June 11, 2019
A day at a theme park can present a bevy of challenges for all families, whether you have children who are neurodiverse or not. Thankfully, for a New York mom (and friend of the Parents brand) Lenore Koppelman, a stressful moment morphed into a special one, thanks to a theme park employee's heartwarming act of solidarity. Back on May 28, Koppelman, her husband, and their 9-year-old son Ralph were enjoying a day at Universal Orlando.
Koppelman took to Facebook to share the moving series of events that played out that day, writing, "Ralph is awesomely autistic, and we are proud to be a neurodiverse family. As wonderful, loving, intelligent and incredible as Ralph is, sometimes he struggles. (Don't we all?) When he struggles the hardest, he can have something known as an 'autistic meltdown.' Some people who are not educated about autism might see it as a temper tantrum. But the fact of the matter is that it is not the act of a spoiled and naughty child. It's a cry for help. This is Ralph's way of saying 'I don't know how to monitor and regulate my emotions right now. I need help, please! I'm scared! I'm overwhelmed! I want to feel better and I don't know how!' And here came Jen to the rescue."
All Ralph wanted to do was go on The Amazing Adventures of Spider-Man ride at Islands of Adventure. But because the family was walking in a particular direction through the park, Spider-Man was set to be their final ride of the day. "He kept on asking us if the ride was coming up soon, and we would reassure him and say 'Soon, Baby. Soon. First there are other rides before that one. That one is at the end. It's the last island. So we have to ride the other ones first. Okay?'" Koppelman wrote. "He was SO patient for SO long."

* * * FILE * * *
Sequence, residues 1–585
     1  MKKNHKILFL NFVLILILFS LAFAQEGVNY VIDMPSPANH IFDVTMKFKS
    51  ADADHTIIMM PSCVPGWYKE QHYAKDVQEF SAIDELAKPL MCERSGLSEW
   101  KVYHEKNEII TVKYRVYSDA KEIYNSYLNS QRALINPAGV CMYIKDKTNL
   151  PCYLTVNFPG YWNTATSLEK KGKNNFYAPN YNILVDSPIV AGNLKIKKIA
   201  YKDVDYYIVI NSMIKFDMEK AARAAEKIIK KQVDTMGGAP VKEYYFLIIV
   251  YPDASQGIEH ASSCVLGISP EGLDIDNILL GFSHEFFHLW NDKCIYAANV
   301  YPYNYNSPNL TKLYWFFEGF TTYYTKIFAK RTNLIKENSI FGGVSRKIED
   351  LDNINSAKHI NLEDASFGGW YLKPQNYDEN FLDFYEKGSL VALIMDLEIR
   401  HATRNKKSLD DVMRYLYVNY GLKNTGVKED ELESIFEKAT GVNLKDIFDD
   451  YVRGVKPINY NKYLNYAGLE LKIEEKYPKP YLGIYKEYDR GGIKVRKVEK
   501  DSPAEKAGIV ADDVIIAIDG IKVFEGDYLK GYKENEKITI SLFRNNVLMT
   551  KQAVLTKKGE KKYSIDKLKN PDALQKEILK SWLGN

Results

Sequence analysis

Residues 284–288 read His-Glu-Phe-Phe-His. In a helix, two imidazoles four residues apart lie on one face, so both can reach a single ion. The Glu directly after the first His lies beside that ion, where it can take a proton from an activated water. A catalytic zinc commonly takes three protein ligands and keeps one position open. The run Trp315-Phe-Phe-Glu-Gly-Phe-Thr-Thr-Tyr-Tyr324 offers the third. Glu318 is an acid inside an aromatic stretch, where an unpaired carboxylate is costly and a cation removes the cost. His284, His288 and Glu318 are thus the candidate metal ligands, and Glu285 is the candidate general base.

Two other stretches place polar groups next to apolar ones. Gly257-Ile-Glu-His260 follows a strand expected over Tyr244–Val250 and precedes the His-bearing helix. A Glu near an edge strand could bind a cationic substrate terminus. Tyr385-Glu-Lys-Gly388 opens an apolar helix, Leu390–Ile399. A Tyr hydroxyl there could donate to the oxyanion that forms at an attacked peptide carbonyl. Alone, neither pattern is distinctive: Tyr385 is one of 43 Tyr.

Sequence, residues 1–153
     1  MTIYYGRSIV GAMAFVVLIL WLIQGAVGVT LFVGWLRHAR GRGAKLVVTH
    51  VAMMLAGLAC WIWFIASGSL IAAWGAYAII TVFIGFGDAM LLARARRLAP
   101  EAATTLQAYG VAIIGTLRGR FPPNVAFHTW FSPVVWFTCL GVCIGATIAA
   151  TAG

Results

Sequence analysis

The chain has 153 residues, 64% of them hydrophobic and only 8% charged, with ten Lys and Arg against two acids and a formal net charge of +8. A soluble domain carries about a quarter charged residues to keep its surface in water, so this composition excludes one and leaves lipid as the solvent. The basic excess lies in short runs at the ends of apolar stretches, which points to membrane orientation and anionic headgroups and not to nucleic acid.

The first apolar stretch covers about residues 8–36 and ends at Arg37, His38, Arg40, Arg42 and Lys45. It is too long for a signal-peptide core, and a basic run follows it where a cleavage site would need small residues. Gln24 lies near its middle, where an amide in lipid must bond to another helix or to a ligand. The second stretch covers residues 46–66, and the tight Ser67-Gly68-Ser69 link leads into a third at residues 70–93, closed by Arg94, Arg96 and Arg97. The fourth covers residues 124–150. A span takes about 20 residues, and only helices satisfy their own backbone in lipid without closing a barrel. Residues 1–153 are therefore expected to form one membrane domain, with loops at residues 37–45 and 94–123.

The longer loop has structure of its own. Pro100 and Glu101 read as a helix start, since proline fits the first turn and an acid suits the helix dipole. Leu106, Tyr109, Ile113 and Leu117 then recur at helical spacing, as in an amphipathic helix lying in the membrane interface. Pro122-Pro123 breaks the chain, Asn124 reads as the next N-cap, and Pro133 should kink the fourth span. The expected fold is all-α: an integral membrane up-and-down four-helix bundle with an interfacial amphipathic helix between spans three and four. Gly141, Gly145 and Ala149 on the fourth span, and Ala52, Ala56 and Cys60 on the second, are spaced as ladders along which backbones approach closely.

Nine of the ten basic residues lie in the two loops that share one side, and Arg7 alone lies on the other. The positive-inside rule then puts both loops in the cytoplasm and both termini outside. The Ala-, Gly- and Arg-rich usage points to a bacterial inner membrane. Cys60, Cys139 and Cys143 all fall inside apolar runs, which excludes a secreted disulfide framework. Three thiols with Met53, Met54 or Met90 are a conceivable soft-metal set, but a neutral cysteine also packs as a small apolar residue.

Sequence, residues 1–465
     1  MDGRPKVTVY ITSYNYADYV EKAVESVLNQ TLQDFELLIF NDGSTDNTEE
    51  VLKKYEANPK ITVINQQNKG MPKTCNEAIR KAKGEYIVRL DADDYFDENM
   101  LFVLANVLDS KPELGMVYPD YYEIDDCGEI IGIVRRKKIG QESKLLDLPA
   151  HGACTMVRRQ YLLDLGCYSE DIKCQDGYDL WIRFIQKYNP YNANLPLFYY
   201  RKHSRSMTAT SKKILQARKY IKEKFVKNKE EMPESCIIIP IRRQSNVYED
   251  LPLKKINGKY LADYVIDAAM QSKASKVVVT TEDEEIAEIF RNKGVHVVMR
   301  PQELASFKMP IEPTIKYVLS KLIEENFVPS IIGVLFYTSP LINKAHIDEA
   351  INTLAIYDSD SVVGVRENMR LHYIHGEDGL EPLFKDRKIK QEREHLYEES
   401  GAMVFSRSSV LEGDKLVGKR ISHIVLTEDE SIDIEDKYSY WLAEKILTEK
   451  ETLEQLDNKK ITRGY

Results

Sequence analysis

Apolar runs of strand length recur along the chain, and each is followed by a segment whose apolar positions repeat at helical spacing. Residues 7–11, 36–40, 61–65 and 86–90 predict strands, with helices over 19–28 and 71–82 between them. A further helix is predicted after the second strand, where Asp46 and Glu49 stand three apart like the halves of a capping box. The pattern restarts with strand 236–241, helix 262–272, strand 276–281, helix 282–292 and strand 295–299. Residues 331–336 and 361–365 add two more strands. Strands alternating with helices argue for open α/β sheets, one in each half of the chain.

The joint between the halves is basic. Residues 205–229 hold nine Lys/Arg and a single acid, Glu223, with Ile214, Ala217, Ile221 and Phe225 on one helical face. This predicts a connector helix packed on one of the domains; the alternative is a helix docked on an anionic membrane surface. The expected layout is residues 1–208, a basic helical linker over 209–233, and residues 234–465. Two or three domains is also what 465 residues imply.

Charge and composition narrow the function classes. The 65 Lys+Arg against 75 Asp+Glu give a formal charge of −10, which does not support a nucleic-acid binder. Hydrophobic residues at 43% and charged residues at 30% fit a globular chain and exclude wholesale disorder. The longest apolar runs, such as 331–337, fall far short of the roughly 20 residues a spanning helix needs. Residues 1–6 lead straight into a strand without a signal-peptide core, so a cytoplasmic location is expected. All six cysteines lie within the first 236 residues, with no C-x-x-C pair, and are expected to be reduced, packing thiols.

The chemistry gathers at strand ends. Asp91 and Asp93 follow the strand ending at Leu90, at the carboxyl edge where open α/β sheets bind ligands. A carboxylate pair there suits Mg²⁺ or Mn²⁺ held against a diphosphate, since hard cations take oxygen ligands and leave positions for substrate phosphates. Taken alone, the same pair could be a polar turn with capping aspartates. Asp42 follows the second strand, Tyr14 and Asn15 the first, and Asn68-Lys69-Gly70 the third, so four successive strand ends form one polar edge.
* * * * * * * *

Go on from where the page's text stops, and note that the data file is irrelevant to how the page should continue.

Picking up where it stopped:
When the family finally made it to the ride, Ralph "was leaping for joy," Koppelman shared. "He thought 'OH WOW! This is IT! FINALLY!' and you should have seen the SMILE on his face. It was incredible. Then, when it was almost our turn to board, and he could see the end in sight, the vehicles right in front of us, we got the news that the ride had broken down."
Everyone was asked to exit, and that's when Koppelman said her son, "understandably, lost it. (Wouldn't you?). My husband and I know the signs. We could see it coming, like an oncoming train. And yet we couldn't dodge out of the way. There was nowhere else to go. The autistic meltdown was GOING to HAPPEN. And happen it DID."
The 9-year-old "collapsed onto the floor while crowds of people were attempting to exit the ride and the gift shop attached to it. He began sobbing, screaming, rocking, hyperventilating, and truly struggling to breathe. A woman who worked there named Jen came over... no... no, she RUSHED over... and while I frantically kept trying to get him to stand up so he wouldn't get trampled on by people, she encouraged me to leave him on the floor if that is where he needed to be."